Yet Another Candidate For Superintendent Withdraws, Reducing Interviews to Two
FlaglerLive | January 27, 2014
The new Flagler County school superintendent may yet be appointed by default, if only because all other applicants have been eliminated or are dropping out on their own.
Kevin Perry, an assistant superintendent in St. Lucie County schools, is the latest candidate to withdraw from contention. He had been moved into the group of three individuals to be interviewed Thursday when another candidate who’d made the short-list, James Parla, a school superintendent in New Jersey, withdrew immediately after a reporter contacted him to inquire about his application. Parla said his application had not been serious.
Perry was the St. Lucie County Teacher of the Year was among five finalists for the state title. He was also catching intertest locally by a sogment of the black community that’s been pushing hard to have a black candidate considered for the job, because of the district’s enduring achievement gap between black and white students.
“I’m respectfully withdrawing my application at this time,” Perry wrote ion an email to the district over the weekend. He gave no explanations.
Perry’s withdrawal leaves just two names on the interview list for Thursday: Jacob Oliva, the current acting superintendent, and Pamela Tapley, an assistant superintendent in Osceola County schools. Both remaining candidates are white.
“It’s disappointing. I was looking forward to hearing from Mr. Perry,” School Board Chairman Andy Dance said.
When the Flagler County School Board drew up its final list of interviewees last Thursday, it nominated only one substitute candidate–Perry–should one withdraw.
“The board would have had to have held an emergency before Thursday” to add another name to the list, Board Attorney Kristy Gavin said Monday afternoon, “and I have not received any request from the board to do so. Theoretically they could do it,” but the likelihood that the third candidate would be interviewed by Thursday would be slim.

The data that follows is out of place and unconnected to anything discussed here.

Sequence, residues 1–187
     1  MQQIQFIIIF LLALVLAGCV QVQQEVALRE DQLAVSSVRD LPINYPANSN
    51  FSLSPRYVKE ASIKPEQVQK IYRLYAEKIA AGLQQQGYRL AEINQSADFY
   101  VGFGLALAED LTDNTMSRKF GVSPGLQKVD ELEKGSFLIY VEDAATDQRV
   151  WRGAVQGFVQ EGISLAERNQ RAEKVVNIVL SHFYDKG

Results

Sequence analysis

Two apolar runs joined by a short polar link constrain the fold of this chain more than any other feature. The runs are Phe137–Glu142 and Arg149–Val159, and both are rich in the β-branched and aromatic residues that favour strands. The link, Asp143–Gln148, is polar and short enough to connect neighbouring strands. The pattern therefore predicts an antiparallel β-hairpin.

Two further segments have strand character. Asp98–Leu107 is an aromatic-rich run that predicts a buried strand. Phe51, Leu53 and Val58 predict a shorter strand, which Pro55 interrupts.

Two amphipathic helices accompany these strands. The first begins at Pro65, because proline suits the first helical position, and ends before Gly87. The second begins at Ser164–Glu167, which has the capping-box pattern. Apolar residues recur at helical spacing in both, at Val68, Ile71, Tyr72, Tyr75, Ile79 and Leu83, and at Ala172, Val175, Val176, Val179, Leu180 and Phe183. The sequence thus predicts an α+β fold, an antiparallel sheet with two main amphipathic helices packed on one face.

“It would be disingenuous to bring them in at this point so we’ll proceed with Ms. Tapley and Mr. Oliva,” Dance said.
The board also made clear that it would not be paying for the travel or accommodation expenses of the candidates, a decision that may have played a part in candidates’ withdrawals.
The two remaining candidates will be interviewed at 9 and 11 a.m., with Tapley going first. The interviews will take place in the third-floor Training Room of the Government Services Building in Bunnell. The interviews are open to the public. The interviews will also be available live by webcast, through the district’s website. Following her interview, Tapley will be taking a guided tour of the district.
The board will not vote on a new superintendent on Thursday (Jan. 30). Board members want time to do their own research on the candidates–or, at this point, on the one contender beside Oliva, since board members have a thorough working knowledge of Oliva’s history and style–and give Gavin time to conduct background checks.
The board had originally planned to meet in special session at 1:30 p.m. on Feb. 4 to deliberate and make its choice. That plan, too, has been scrapped. Instead, the board will made its decision during its regularly scheduled board meeting later that day, beginning at 6 p.m. That meeting has a light agenda, so Dance decided to incorporate the decision about the new superintendent within it. (Monday afternoon Dance said that his intention had always been to discuss the matter at the regular meeting.)
It’s not an inconsequential decision: had the board met in special session, it would have met with no one sitting in the superintendent’s chair, the way it did last week when it drew up the short-list. But by deciding the matter at its regularly scheduled meeting, Oliva, who has sat on almost all school board meetings as the acting superintendent, will most likely be in the superintendent’s chair, unless he either chooses to leave the room during deliberations or is asked to leave by the board. Oliva has been the strong front-runner for the position all along. The more likely scenario is that he will be asked to be the next superintendent of schools.
The superintendent search committee that met four times to draw up its list of recommended names to the board also drew up interview questions (five of the committee’s 15 members actually provided questions). Those questions appear below. They will be supplemented by questions the board members themselves will pose, and which they are not disclosing until the day of the interviews.